Some unnamed McCain aides have directed attacks at Sarah Palin
Infighting has broken out in the Republican Party after its defeat in the presidential election, with Sarah Palin coming under intense fire.
Conservative US network Fox News quoted anonymous McCain aides saying that Mrs Palin did not know Africa was a continent but thought it was a country.
Meanwhile, Republicans in Congress are divided over whether to move further to the right or become more bipartisan.
House Minority Leader John Boehner said it was "time for the losing to stop".
Mr Boehner, who is to seek two more years as the Republican leader in the House, added: "My commitment to you is that it will."
His comments come against a backdrop of backstabbing within the defeated McCain campaign.
In addition to its report about Mrs Palin's views on Africa, Fox News quoted anonymous aides suggesting she answered a morning knock at her hotel room door wearing only a towel.
Some right-wing pundits have condemned the aides for breaking campaign trail "rules" by talking to the media. They have also criticised Fox for reporting the claims.
More than 20 conservative leaders met in Virginia on Thursday to try to plot a way forward for the Republican Party.
The Republican National Committee may elect a new chairman in January - shortly after the inauguration of Barack Obama as president - who will need to lead the party towards the next election in 2012.
Senator Jim DeMint, of South Carolina, was quoted by the Associated Press this week calling for party leaders to "embrace a bold new direction" or step aside.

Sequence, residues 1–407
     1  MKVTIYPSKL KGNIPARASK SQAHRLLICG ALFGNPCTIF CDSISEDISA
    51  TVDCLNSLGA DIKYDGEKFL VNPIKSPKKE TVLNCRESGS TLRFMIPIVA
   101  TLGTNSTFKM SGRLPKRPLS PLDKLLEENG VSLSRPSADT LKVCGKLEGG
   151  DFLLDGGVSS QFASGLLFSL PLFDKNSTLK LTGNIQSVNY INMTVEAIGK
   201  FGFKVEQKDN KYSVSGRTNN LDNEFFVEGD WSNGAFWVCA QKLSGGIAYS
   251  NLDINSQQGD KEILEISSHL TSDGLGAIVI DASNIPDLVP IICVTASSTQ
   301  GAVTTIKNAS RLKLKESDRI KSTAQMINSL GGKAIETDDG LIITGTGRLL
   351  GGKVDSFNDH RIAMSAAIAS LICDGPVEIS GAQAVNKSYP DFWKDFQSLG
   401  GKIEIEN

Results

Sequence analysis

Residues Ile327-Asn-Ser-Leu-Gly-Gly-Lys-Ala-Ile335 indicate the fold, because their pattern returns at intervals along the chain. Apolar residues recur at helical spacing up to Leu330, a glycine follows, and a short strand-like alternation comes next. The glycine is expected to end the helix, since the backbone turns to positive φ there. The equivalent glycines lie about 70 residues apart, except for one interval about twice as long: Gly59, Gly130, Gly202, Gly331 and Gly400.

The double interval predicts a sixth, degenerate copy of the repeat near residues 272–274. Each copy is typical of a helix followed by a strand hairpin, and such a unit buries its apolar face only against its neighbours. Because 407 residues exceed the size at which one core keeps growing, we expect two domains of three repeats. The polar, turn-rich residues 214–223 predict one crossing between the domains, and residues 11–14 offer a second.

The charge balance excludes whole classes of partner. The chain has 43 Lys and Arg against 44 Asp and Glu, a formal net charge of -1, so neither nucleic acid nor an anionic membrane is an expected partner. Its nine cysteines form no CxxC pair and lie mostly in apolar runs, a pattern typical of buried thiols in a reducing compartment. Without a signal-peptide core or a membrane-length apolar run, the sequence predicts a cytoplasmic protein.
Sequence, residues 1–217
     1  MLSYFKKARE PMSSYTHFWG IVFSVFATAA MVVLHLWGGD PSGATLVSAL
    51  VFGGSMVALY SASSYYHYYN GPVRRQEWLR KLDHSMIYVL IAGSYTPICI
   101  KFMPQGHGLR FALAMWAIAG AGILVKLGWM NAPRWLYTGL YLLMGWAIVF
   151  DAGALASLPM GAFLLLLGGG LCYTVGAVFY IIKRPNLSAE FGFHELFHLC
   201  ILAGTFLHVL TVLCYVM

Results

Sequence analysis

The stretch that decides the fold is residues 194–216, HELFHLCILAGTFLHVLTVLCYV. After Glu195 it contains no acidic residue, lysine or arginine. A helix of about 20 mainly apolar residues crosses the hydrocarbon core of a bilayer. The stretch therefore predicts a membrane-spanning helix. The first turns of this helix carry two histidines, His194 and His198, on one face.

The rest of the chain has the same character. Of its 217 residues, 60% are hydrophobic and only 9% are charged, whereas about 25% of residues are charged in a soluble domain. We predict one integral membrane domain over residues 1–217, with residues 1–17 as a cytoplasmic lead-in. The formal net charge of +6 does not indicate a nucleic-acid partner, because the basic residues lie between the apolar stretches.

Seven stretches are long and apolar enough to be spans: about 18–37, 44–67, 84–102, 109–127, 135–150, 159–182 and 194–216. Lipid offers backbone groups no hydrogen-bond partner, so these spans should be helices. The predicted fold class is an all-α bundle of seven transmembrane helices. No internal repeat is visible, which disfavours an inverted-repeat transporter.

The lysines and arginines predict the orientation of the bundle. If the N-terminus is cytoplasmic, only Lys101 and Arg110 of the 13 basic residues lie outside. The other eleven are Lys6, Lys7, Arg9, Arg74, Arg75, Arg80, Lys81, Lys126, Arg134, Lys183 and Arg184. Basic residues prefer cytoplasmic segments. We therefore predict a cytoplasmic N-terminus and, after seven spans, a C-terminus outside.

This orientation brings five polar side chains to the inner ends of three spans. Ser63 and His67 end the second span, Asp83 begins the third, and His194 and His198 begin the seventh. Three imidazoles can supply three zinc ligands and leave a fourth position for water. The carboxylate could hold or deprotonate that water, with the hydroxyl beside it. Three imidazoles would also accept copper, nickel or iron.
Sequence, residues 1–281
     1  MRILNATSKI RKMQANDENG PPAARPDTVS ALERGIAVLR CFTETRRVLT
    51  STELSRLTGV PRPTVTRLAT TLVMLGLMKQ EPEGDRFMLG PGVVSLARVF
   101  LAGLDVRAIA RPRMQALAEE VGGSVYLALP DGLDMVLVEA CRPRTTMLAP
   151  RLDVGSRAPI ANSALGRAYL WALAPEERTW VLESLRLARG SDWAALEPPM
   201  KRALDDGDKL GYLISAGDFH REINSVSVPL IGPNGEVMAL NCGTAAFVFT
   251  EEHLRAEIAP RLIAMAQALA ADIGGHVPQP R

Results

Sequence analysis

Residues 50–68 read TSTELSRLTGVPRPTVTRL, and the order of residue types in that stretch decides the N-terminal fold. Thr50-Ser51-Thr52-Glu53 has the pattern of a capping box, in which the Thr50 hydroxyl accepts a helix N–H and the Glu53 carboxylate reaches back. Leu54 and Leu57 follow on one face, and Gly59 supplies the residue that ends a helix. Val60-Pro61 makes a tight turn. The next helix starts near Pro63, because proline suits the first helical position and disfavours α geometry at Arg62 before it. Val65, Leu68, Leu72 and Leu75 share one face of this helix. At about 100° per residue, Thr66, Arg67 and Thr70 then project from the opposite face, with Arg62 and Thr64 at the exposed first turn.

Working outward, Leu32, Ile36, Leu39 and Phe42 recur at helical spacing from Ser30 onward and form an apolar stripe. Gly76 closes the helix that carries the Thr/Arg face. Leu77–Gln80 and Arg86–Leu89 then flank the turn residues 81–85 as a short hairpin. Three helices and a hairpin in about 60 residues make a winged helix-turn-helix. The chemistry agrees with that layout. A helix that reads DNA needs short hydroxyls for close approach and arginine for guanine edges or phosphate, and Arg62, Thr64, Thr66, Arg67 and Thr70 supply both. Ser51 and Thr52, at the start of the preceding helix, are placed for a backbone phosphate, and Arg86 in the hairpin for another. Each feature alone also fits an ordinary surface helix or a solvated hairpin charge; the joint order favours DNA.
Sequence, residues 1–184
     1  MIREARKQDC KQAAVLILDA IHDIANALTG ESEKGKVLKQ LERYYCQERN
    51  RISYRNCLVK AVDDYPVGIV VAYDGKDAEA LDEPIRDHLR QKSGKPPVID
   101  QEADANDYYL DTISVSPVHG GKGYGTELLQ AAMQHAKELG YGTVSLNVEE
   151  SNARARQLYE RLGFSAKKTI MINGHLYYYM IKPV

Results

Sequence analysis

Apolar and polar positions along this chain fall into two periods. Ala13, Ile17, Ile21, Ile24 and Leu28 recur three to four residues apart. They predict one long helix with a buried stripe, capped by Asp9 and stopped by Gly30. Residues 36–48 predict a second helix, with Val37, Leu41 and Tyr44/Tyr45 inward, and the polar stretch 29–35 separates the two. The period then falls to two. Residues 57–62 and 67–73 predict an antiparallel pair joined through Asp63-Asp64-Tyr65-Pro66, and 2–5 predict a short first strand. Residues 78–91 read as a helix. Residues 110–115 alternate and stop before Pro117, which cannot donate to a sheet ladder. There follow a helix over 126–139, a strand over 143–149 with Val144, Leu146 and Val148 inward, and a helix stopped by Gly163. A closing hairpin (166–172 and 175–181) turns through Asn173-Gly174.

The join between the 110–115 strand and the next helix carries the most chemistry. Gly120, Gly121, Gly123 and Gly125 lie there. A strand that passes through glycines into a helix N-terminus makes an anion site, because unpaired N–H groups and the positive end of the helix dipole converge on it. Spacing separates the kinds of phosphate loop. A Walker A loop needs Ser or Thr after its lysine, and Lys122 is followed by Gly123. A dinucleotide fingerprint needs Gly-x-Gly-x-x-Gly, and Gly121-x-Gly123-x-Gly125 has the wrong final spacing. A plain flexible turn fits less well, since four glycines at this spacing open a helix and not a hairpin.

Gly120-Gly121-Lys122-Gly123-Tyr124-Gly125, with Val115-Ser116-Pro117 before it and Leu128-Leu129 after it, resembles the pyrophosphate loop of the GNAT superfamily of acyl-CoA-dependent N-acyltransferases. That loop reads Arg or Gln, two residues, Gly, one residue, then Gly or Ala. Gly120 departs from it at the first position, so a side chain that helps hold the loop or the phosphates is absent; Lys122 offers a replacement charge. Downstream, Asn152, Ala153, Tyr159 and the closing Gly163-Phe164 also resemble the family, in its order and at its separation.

The party's image had been tainted by "scandals and broken promises", he said, adding: "We have got to clean up, reform and rebuild the Republican party before we can ask Americans to trust us again."
Minnesota Governor Tim Pawlenty predicted the party nationally was "going to go through a Dr Phil, self-analysis moment".
Missouri Congressman Roy Blunt announced on Thursday he was stepping down as House Minority Whip, the Republicans' number two role in the House.
Nonetheless, RNC chairman Mike Duncan said the party had plenty of rising stars and that it was wrong to see Tuesday's election results as "the death rattle of American conservatism".
The Republicans lost at least 19 seats in the House and at least five in the Senate, as well as seeing the White House slip from their grasp.
Meanwhile, a number of prominent Republicans are already making moves to position themselves for a fight for the party's presidential candidacy in 2012.
Mitt Romney, who lost out to Mr McCain in this year's primaries, has restarted his political action committee.
Mrs Palin, meanwhile, has indicated that she intends to stay on the national political scene, saying "I'm not doing this for naught."
Louisiana Governor Bobby Jindal may also be laying the groundwork for a run in 2012.